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Above the Thunderstorm

At first glance, it seems odd that a major academic publisher should commission a volume on, as it were, the phenomenology of religious life. Insofar as they are perceptible at all, religious have retreated to the margins of our imaginative universe, as defendants in court cases, amiable extras in . . . . Continue Reading »

What Monks Do

I am in a 1982 Volvo, headed north on I-5 toward Oceanside, at a pace I could easily beat on a bicycle. A universe of cars spreads to the north and the south. Twenty-five miles, on a five-lane freeway, will take an hour or more. How can people live like this? The ordeal of rush hour in Southern . . . . Continue Reading »

Secular Monks

Jack Dorsey, cofounder and CEO of Twitter and founder and CEO of Square, wakes up at 5 a.m. After drinking a juice made from Himalayan sea salt, water, and lemon, he takes an ice bath. He meditates for one hour each morning and one hour each evening. On weekends, he eats nothing and drinks only . . . . Continue Reading »

Where the Icons Aren't Yet Dry

This monk is not letting us go without a sermon, but he’s earned it. We—a group of scholars brought together for a conference in Romania celebrating the legacy of the historian Peter Brown—have been treated well. We are standing in the Neamț monastery library, where the Philokalia, that . . . . Continue Reading »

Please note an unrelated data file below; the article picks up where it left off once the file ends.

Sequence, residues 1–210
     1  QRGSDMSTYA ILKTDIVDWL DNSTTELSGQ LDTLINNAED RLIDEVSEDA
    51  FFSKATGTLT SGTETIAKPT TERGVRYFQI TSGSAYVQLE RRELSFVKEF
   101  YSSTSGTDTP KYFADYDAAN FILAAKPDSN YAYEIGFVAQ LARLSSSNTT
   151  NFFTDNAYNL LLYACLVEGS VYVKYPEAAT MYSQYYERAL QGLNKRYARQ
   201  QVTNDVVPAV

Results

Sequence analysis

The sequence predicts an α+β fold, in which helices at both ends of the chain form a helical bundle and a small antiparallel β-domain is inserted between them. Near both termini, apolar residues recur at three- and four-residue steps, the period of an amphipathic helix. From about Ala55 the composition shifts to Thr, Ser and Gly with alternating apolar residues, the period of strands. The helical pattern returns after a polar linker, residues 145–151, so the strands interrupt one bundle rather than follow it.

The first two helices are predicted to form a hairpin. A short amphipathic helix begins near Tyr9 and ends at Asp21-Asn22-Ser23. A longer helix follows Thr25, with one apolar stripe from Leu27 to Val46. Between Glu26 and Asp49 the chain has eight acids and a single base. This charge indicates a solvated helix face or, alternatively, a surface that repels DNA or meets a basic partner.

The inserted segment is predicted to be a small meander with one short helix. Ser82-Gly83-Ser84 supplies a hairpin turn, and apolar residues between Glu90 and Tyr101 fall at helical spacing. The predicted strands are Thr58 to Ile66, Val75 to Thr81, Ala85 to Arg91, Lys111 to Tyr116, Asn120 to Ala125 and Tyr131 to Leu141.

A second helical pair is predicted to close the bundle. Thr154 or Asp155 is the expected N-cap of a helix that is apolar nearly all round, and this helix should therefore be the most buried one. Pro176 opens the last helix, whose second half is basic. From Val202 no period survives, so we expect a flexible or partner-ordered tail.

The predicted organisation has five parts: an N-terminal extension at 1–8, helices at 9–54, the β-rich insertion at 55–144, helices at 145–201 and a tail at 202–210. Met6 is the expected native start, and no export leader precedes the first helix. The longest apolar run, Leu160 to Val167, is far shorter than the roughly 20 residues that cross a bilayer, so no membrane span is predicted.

Pope Francis and the Hidden Path to Holiness

Five years ago the Catholic Church had a Year of the Priest, and now Pope Francis has declared a Year of Consecrated Life. To mark this year, he has issued an Apostolic Letter, building upon Vatican II’s decree on religious life, Perfectae Caritatis (1965), and St. John Paul II’s post-synodal Apostolic Exhortation, Vita Consecrata (1996). While everyone seems to have a concept of the priestly ideal, the unique charism of consecrated life, especially for men, is more obscure. In particular, religious brothers tend to have lower profiles than do priests and nuns. Continue Reading »

Elder Iosef’s Rules for Hermits

Wake at four o’clock, Byzantine time.Attend to yourselves.Recall that all is vanity.Say together Matins.At the First Hour, lift the sunwith open palms.Water now may slake your thirst.Remain here close enough to be seenbut far enough apart to be unheard.As is our custom, the Third Hour.You often . . . . Continue Reading »

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